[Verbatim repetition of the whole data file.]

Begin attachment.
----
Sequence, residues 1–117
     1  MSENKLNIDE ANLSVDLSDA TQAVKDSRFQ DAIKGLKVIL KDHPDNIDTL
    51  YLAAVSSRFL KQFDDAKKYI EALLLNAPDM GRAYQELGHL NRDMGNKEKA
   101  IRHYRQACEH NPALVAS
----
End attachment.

Sequence, residues 1–117
     1  MSENKLNIDE ANLSVDLSDA TQAVKDSRFQ DAIKGLKVIL KDHPDNIDTL
    51  YLAAVSSRFL KQFDDAKKYI EALLLNAPDM GRAYQELGHL NRDMGNKEKA
   101  IRHYRQACEH NPALVAS